Monday, November 7, 2011

Wartime Contracting Records Definitely More Sensitive Than 9/11 Commission Records - Sealed Until 2031!

Logo of the Commission on Wartime Contracting ...Image via WikipediaFrom Jake Wiens of the Project for Government Oversight

The recently dissolved Commission on Wartime Contracting (CWC) did just about everything right. Created in the spirit of the Truman Commission, the CWC identified as much as $60 billion in contracting-related waste and fraud in Iraq and Afghanistan. In the process, the CWC held 25 hearings, released 8 reports, and published detailed recommendations intended to prevent waste and fraud from occurring in future overseas contingencies. Perhaps most important, the bipartisan commission was unanimous in its findings and recommendations, notable in a city known for its partisan gridlock.
But the Commission’s decision to seal its internal records for 20 years is just plain wrong. The decision, first reported by the Wall Street Journal, blocks the public and watchdog groups from using the CWC’s source material to build upon the important work of the Commission and to help prevent waste and fraud in overseas contingency contracting in the near term.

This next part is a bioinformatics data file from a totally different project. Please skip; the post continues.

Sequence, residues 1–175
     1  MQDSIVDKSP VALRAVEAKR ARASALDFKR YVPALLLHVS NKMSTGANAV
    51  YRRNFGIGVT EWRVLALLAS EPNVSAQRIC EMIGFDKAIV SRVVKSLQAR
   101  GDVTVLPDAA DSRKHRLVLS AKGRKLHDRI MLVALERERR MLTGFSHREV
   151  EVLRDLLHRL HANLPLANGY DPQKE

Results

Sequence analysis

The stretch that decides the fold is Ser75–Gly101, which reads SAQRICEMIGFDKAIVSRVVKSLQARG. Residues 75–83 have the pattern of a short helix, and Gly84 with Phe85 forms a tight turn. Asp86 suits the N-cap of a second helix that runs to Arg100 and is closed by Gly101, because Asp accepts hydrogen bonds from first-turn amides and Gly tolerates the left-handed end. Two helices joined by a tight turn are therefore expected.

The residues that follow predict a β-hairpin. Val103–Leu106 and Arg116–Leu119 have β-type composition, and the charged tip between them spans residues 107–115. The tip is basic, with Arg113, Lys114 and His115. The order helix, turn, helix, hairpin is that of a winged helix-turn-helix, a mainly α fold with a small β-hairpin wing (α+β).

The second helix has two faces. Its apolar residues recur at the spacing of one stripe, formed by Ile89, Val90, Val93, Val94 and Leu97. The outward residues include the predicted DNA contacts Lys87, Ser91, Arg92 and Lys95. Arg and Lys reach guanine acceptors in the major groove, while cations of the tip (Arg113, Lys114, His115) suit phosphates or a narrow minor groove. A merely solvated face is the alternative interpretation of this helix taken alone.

Clark Irwin, the CWC’s spokesman, told the Wall Street Journal the seal was justified because “there is sensitive information in there.” He cited proprietary company information, attorney work products, and classified documents as examples of such records. Another source told the Journal that the expectation that the CWC’s records would be sealed was necessary to encourage sources to speak candidly.

But Irwin’s argument ignores the fact that documents are only released by the National Archives after first going through an extensive vetting process. So whether the seal is 20 years, 20 days, or even if there were no seal at all, the truly sensitive material would be redacted or withheld. 

Sources close to the CWC have told POGO that the commissioners agreed to the 20-year seal after being informed that it was standard practice. But 20 years doesn’t appear to be anywhere near standard. Congress has created six investigative commissions in the last 20 years, the most well known being the National Commission on Terrorist Attacks Upon the United States (9/11 Commission). 

The 9/11 Commission, which investigated issues of the most sensitive nature, sealed its records for just five years.

Read in full here.

Yo, Commissioners - I think you've all been played!

I just finished writing to both my senators and my congressman.  If you're reading this, please click here and write to your congressional representatives.  We should not tolerate this type of actions in the guise of protecting "sensitive information." Sensitive information, my foot!  This is pure and simple "cover your ass" strategeries, too laughable if this were not real.  The Commission should reverse the 20-year seal of its internal records. If it is unable to do so, Congress which created this Commission should quickly remedy this situation before they bury the boxes in underground bunkers until 2031.


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